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Friday News: Adobe supposedly fixes ADE 4, Joan Didion Kickstarter campaign, corporate commentary on Gamergate, and a former slave bests his “master”

Friday News: Adobe supposedly fixes ADE 4, Joan Didion Kickstarter campaign,...

Update: I’ve heard from another tester who identified that Adobe was using SSL, and that it didn’t appear to be sending any data at all (for DRM-free ebooks). But if you activate a DRMed ebook Adobe does send a lot of encrypted information. Removing that DRMed ebook stopped the app from sending info. Thanks, Michael!

Second Update: I have an independent confirmation that Adobe only uploads data after a DRMed ebook has been activated. –The Digital Reader

I don’t know – how is this any worse than auctioning off Queen Elizabeth’s knickers on eBay?

Didion is one of the greatest living writers, but her legacy at times seems at risk of being subsumed by her lifestyle brand—thin, chic, Californian. “They were my aunt and uncle but they were also probably the hippest people on earth,” Griffin Dunne says about Didion and her husband, the writer John Gregory Dunne, in a video about the project. It’s hard to imagine that Dunne, with all his connections (he’s been producing/directing/acting for over two decades, and his father was the Vanity Fair writer Dominick Dunne) had no other way to get this film made than by hawking his aunt’s fingernail clippings. –New Republic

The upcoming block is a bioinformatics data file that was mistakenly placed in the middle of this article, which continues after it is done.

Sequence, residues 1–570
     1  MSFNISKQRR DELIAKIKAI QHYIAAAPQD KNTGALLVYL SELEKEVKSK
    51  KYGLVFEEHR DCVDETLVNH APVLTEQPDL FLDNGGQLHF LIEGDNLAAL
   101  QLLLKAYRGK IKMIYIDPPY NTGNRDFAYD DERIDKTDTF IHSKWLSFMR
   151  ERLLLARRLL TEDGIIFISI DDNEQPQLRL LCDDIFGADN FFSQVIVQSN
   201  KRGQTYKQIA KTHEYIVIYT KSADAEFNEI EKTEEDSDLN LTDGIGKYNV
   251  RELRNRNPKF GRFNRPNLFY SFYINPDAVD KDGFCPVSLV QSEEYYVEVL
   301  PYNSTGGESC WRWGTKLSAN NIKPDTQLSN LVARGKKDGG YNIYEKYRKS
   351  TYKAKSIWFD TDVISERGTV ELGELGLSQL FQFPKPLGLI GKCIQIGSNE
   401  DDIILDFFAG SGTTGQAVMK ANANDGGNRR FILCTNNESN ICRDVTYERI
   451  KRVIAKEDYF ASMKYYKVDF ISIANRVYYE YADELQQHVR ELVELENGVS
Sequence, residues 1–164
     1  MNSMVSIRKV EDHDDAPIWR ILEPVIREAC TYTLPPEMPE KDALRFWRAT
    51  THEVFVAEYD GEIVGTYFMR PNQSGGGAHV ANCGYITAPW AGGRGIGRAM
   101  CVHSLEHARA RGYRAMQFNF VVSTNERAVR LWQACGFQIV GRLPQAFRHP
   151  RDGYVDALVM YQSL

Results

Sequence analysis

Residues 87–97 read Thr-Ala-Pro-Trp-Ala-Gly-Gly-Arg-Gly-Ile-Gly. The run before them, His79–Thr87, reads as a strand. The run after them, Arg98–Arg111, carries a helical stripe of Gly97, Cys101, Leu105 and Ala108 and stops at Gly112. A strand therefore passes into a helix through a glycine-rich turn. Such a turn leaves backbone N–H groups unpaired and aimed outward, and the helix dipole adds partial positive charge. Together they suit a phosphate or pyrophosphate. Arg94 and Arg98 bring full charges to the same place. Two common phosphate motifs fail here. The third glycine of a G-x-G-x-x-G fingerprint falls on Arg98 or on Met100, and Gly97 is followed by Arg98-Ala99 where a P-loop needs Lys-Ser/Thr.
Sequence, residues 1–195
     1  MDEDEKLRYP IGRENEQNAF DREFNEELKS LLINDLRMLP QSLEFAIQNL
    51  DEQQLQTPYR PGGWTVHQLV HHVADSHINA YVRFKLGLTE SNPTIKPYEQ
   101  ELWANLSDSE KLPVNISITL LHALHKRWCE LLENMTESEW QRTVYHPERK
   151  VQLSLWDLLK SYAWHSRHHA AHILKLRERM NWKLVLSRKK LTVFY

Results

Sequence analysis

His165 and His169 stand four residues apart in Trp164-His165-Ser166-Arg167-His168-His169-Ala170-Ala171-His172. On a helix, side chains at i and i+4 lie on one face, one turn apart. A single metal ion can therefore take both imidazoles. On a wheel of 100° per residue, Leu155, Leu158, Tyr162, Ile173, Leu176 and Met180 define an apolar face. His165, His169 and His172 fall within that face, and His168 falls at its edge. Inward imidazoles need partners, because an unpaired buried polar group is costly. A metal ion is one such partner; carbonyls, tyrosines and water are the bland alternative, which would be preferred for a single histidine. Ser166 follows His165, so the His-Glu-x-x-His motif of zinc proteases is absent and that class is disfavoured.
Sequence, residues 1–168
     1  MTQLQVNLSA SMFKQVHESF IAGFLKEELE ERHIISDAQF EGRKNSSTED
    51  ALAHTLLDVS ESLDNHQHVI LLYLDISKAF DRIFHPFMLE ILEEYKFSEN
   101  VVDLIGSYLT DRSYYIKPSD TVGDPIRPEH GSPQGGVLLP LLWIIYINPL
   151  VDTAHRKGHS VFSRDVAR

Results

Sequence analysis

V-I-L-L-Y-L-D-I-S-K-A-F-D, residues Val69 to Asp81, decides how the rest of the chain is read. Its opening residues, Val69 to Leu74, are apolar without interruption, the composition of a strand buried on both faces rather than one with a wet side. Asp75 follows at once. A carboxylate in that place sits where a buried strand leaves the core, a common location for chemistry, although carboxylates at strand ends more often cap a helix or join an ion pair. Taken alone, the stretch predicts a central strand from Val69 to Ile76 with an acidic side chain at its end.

I was originally going to post the story about Felicia Day, but when I was Googling to see what else was going on around that story, this Breitbart link came up, and while it contains a lot of extreme rhetoric, I think it’s also important to see the kinds of opinions Breitbart has allegedly solicited from some corporate executives, like the Intel VP who insisted that Gamergate is “‘doing great work.’” I’m definitely starting to agree with the arguments being made that this is part of the new culture wars, but I think we also need to recognize that it’s all of a piece with anti-choice initiatives, persistent discrimination against women and minorities in the workplace, and other mainstream expressions of misogyny and fear of women and gender (and racial) equality.

How do I know? Because I’ve spent the last fortnight quietly soliciting the opinions not only of senior executives at AAA video game publishers, but also at some of the companies linked to GamerGate’s boycotts and activism, such as Intel, Mercedes and BMW.

Perhaps it won’t surprise you to learn that microchip manufacturers and car companies are pretty sympathetic to the concerns of male consumers. But some of the things said to me–all, sadly, on condition of anonymity–have been nothing short of remarkable. . . .

Then consider the product manager, who was happy to be identified as “senior management at a German car manufacturer”, who told me that, “the violence against women is unacceptable and we cannot support it, but we will not financially support people who insult our customers either”. –Breitbart

You wish to be remembered to King and Jack. I am pleased, sir, to inform you that they are both here, well, and doing well. They are both living in Canada West. They are now the owners of better farms than the men are who once owned them.